Best Upgradeable Laptop Windows Central 2019
A laptop you can save money with upfront but still upgrade down the line is a sound investment to increase the longevity and usefulness of your device. Generally speaking, we’re referring to both RAM and solid-state drive (SSD) upgrades, and a laptop like the Dell XPS 15 is perfectly suited for this sort of plan.
Best overall – Dell XPS 15
The XPS 15 shares a lot with its smaller sibling. But the extra space you get from making it a bit bigger pays dividends — especially if you’re into adding your own upgrades. Dell doesn’t exactly cut corners, though the spec sheet boasts Intel’s latest high-end processors, NVIDIA graphics and a 4K OLED display all available as options.
However, if you flip it over, you’ll find more than you might expect that you can change out. RAM and the SSD storage can be upgraded, as can the wireless card, so it’s pretty straight forward to make an excellent portable PC even more exceptional.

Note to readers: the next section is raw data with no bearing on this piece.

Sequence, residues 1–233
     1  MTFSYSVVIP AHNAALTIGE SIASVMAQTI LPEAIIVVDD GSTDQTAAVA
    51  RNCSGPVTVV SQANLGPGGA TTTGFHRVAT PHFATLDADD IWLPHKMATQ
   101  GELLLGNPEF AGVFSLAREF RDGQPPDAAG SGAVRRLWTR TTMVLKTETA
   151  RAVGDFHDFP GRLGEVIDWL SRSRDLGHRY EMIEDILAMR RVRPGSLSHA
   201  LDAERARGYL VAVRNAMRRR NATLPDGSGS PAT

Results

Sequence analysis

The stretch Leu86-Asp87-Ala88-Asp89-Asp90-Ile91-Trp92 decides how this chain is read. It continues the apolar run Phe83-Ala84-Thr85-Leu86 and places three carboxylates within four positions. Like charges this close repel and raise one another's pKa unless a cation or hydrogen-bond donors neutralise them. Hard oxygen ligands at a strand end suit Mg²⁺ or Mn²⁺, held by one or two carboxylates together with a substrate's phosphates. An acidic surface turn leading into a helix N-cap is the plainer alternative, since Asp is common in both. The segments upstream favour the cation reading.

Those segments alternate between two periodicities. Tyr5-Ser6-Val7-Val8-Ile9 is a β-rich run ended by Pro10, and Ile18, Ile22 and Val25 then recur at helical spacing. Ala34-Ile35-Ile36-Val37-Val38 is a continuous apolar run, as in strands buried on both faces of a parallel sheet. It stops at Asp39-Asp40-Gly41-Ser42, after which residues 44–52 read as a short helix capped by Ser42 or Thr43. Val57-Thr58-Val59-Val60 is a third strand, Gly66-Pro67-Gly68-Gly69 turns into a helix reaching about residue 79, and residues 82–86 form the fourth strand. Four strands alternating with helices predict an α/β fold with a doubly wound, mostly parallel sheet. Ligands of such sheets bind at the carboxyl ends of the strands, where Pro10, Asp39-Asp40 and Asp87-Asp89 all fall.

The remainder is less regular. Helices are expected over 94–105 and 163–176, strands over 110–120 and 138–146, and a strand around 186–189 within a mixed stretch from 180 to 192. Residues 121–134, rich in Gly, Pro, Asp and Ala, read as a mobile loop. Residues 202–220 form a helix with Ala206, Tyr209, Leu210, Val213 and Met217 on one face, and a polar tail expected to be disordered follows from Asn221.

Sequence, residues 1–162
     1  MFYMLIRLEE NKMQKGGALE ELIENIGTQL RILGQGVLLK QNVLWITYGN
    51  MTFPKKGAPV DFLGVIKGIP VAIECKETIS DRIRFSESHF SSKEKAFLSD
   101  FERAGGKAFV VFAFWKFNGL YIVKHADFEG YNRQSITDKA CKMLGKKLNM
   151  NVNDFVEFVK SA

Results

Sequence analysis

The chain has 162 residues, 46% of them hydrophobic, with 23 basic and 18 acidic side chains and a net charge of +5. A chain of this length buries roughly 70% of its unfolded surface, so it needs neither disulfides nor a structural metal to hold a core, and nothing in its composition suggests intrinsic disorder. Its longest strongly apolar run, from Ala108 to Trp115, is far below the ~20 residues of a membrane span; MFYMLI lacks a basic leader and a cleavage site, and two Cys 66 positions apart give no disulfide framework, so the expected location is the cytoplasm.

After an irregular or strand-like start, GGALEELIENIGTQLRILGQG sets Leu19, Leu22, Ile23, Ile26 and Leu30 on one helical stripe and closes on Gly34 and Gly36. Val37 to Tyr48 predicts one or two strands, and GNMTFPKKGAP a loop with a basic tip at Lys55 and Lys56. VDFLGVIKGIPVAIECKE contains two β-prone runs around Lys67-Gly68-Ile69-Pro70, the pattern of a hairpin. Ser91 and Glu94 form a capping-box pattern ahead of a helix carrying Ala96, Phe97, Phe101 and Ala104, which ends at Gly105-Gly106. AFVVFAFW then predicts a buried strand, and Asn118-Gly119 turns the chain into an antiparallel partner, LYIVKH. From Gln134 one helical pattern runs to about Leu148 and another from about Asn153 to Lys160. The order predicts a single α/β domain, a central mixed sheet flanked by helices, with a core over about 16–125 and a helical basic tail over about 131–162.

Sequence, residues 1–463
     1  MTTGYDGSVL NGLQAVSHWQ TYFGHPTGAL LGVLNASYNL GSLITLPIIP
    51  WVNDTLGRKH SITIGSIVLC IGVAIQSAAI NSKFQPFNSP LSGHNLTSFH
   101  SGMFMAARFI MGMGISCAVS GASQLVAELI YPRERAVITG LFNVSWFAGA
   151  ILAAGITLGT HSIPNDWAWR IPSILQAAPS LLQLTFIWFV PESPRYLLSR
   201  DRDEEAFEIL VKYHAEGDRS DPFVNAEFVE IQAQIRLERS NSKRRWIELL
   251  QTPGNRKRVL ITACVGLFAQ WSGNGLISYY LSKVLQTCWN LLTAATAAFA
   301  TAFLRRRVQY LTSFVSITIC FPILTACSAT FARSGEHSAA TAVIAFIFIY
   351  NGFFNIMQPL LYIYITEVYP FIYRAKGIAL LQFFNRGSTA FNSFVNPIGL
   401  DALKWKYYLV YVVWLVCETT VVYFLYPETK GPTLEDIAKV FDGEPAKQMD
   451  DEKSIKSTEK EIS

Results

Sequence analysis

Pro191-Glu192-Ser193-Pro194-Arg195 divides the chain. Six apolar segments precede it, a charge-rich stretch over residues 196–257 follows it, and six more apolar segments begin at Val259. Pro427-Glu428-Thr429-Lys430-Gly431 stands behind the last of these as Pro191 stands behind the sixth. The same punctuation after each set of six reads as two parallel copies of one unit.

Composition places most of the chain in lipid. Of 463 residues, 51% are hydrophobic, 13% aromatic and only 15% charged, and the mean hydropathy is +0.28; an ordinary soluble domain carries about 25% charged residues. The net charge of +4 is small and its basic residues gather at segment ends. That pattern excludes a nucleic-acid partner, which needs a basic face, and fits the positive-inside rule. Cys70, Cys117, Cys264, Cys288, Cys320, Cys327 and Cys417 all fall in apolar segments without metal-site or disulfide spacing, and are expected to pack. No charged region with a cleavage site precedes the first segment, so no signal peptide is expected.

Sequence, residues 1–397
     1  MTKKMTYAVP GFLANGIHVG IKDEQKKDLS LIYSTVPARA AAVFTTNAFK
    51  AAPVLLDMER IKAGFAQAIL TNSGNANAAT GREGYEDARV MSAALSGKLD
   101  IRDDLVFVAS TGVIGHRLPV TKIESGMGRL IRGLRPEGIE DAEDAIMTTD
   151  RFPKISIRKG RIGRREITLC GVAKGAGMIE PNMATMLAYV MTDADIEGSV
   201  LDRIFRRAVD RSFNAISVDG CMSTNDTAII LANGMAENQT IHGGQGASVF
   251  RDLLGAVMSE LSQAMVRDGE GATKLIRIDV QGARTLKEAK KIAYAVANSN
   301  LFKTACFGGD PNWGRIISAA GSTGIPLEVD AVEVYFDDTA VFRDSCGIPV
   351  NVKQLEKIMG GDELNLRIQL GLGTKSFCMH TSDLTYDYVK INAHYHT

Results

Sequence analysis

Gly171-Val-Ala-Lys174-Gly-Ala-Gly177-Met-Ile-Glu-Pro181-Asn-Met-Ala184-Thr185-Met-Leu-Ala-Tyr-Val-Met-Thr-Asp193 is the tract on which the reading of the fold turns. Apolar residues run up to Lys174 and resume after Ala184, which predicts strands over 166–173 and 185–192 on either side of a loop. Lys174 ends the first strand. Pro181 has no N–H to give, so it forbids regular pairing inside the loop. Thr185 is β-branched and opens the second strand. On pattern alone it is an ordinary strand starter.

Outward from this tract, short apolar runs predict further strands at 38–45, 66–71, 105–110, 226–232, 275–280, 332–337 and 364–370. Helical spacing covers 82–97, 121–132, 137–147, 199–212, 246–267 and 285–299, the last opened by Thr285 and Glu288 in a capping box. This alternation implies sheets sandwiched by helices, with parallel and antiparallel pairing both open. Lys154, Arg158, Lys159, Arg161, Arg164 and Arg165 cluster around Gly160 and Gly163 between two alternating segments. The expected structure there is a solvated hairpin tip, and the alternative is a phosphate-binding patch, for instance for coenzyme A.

Dell’s stock parts in the XPS 15 are high quality; of that, there’s no doubt. It would have been nice if there was space to add a second SSD, but you can add more memory at least, plus as big an NVMe SSD as your budget will allow. The XPS 15 remains one of the best laptops on the market today and being able to upgrade it is certainly a bonus.
- Excellent design and construction
- Gorgeous display
- Replaceable RAM and SSD
- Options for NVIDIA dedicated graphics
- Can be expensive
- Only room for one SSD
Incredible and upgradeable
With options that go up to an Intel Core i9 and NVIDIA GTX 1050 Ti, the XPS 15 has so much to offer, with the bonus of upgrading your RAM and SSD.
Best for work – Lenovo ThinkPad L390
Lenovo’s ThinkPad lineup is a staple in the enterprise laptop market. You always know pretty much what to expect when you buy one. You’re getting a high-quality, durable laptop with a brilliant and comfortable keyboard, stable battery life, and enough ports to cover all your connectivity needs.